LifeWire) -- Jay Byrne knows that his mother-in-law meant well when her two young grandchildren came to visit.
A devotee of all things natural, organic or otherwise eco-friendly, Byrne's mother-in-law insisted on buying unpasteurized milk, juice and cheese -- all of which can be a health hazard for some youngsters, according to the Food and Drug Administration.
"After our third or fourth visit, we started calling and telling her not to buy this stuff," says Byrne, 46, of St. Louis.
"Maybe she was hurt on a certain level, but we danced around it."
Byrne, president of a public affairs and marketing company, finds himself sidestepping a lot of his green-minded friends and family members, and not just about food.
Because his clients include oil, mining and chemical companies -- industries often disparaged by environmentalists -- Byrne says he is regularly derided, although he personally espouses similar ideals.
One relative even called him a murderer, he says.
"Many of my eco-freak friends have the sense that corporations are all evil," Byrne says. "It's so hard to convince them I'm not part of some global conspiracy."
As environmentalism becomes mainstream, many Americans are embracing more of an eco-friendly lifestyle. But friends and family members who have strong views about the environment -- and expect others to follow suit -- may trash their relationships faster than they can recycle cans and bottles.
An online Harris survey in May of more than 2,600 adults found that nearly three-quarters of those polled believe their personal actions are significant to the environment, and more than half have made changes in their lives they think will help sustain the environment. Count Binghamton University senior Lauren Roulette among them.
Guests at Roulette's New York house might feel some subtle eco-pressure upon entering the bathroom, where a little sign instructs: "If it's yellow, let it mellow. If it's brown, flush it down."
"It's a little bit of an awkward situation," acknowledges Roulette, 21, who shares digs with five other students, three of whom also espouse her eco-sensitive habits. "We had to have a talk about it and we decided it's not a big deal just as long as the smell doesn't get out of hand."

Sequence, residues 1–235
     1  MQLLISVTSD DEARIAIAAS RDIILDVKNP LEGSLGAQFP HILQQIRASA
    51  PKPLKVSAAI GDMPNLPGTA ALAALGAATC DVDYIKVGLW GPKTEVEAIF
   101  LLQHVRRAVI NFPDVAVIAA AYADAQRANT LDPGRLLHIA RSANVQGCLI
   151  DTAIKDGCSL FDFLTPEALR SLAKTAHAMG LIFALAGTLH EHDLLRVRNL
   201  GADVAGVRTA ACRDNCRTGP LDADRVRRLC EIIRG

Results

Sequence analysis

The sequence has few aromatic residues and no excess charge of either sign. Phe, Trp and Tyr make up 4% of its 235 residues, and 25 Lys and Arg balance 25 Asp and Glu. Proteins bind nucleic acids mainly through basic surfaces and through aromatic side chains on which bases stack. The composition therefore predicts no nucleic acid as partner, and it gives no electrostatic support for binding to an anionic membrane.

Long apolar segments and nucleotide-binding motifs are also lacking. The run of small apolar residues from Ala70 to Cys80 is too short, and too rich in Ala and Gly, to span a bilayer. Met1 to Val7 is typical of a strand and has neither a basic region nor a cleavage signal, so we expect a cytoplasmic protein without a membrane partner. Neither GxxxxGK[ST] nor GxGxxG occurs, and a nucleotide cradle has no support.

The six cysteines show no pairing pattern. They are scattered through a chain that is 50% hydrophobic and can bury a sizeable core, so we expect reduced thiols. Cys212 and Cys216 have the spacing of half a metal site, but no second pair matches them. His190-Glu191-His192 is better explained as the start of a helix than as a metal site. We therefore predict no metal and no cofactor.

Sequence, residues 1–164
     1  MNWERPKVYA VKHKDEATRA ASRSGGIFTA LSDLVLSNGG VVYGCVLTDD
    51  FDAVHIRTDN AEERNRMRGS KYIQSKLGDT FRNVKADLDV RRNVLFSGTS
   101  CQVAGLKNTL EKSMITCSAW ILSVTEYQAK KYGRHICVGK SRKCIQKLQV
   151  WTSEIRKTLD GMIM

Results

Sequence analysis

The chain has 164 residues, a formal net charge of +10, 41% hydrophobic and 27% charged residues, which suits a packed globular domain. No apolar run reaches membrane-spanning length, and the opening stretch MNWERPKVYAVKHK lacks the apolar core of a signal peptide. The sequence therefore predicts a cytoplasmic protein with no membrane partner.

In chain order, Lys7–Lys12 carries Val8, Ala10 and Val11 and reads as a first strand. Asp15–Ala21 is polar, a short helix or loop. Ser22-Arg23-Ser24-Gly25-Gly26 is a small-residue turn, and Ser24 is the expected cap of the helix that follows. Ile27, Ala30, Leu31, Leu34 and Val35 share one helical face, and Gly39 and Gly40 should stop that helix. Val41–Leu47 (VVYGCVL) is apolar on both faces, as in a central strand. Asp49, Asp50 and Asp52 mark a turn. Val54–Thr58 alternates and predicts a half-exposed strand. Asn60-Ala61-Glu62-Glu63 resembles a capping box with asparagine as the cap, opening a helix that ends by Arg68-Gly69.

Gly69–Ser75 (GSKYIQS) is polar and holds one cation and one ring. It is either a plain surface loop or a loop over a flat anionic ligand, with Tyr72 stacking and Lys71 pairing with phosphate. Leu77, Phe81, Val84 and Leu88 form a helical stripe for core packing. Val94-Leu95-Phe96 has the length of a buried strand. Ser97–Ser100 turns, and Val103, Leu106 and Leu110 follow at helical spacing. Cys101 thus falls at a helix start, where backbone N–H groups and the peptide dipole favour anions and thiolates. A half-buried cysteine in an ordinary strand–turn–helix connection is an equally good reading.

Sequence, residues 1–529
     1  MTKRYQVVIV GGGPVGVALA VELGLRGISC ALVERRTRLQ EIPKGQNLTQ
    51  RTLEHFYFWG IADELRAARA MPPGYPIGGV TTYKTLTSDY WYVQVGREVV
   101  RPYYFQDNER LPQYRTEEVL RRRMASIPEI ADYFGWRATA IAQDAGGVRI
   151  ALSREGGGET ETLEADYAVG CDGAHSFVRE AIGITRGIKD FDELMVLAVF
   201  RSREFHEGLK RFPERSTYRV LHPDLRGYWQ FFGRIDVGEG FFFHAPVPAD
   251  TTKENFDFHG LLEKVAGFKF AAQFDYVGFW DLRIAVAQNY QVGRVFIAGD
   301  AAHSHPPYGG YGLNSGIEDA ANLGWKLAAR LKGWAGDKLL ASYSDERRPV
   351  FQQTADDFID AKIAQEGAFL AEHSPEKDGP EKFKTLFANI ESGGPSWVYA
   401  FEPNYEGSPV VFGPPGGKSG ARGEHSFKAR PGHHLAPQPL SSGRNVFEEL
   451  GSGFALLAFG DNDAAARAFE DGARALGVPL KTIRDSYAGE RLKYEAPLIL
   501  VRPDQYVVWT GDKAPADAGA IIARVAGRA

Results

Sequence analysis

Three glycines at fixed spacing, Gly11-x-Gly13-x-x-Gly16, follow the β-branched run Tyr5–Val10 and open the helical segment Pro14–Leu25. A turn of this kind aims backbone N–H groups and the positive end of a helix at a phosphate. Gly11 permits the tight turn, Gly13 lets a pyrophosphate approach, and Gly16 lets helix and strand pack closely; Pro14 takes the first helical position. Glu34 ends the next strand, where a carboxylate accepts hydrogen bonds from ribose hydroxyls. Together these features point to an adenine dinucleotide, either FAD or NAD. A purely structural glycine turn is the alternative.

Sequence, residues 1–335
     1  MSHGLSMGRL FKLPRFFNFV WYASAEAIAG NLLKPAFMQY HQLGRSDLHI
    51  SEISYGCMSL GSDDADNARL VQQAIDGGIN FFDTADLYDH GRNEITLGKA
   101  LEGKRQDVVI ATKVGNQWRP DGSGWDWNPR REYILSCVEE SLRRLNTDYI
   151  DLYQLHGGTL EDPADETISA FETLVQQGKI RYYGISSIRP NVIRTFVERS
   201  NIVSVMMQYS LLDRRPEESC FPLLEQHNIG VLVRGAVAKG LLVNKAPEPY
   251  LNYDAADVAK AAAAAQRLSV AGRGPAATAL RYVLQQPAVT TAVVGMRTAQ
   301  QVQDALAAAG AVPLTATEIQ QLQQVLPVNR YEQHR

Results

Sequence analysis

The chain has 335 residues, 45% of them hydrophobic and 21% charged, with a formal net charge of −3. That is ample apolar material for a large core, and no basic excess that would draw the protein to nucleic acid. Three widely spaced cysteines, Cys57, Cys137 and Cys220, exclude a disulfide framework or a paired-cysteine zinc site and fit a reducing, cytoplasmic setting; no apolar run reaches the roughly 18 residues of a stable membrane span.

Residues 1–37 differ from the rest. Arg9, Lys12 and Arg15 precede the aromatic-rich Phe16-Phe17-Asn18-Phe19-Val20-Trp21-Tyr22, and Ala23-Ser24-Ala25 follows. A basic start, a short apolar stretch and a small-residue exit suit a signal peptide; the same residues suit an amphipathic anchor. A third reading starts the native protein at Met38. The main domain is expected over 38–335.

But Griff Honsinger, 21, one of Roulette's housemates, isn't joining her in this endeavor or in the vegan lifestyle she and three other roomies share. While he doesn't feel their behavior is extreme, "I do flush the toilet," says the senior marketing major. "And I am a carnivore -- I eat a lot of meat, and various people in my house have told me, while I'm eating it, that it looks disgusting."
Don't toss out tact
Lizzie Post, great-great-granddaughter of etiquette maven Emily Post, says people with strong environmental views are allowed to set boundaries and expectations in their own homes, but must hew to the desires of others on their less-than-green turf.
"The idea is not to be off-putting on either side," says Post, spokeswoman for the Vermont-based Emily Post Institute and author of "How Do You Work This Life Thing?"
For example, Post suggests that vegans offer a variety of foods to guests or gently remind them about recycling during their visits. "They should find ways to integrate (their lifestyle) lightly so nobody feels any pressure," she says.
In that regard, 22-year-old Ed Coffin of Philadelphia is ahead of the curve. Coffin drives a fuel-efficient Smart car, schleps his groceries in reusable bags and eschews chemical cleansers in favor of lemon juice and vinegar. He's also a vegan, a lifestyle he feels is environmentally sensitive because it saves animals from slaughter and exploitation.
To help show others how palatable vegan living can be, Coffin even brings his cuisine with him when visiting friends and family -- enough for his own meal and a sample for others.
"To them, it seems a little overwhelming and they don't know how I can find the time to cook these things," Coffin says. "It's really important to me to make things that will appeal to people and help break their stereotypes."
Even Coffin's dogs, a pair of Chihuahuas named Luna and Chico, are vegan, chowing down on meat-free commercial pet food produced abroad.
Ed's mother accepts her son's lifestyle, vegan Chihuahuas and all. It took awhile, though.
"He can be a little overzealous talking about everything that interests him with the environment," says Dawn Coffin, 49, a home health aide from Mullica Hill, New Jersey. "To a person who's not like that, it's kind of stressful, but at the same time, I back him 100 percent."
Compromise is key
Etiquette expert Post offers these tips for the eco-conscious (or hyperconscious) and their loved ones to help them compromise:
• Gently guide others to environmentally sound actions. "Say to them, 'I'll take care of these (bottles, cans, etc.) because these have to be recycled' instead of freaking out when they hit the trash can."
• Respect differences. "Remember that people from different regions, generations and lifestyles will have different opinions," Post says. "Refrain from forcing your opinion on someone else."
• Be gracious. If your hosts offer you vegan food, for example, be polite and try it, even if it's not to your taste. "You can run out and get a Big Mac on your own time," she says.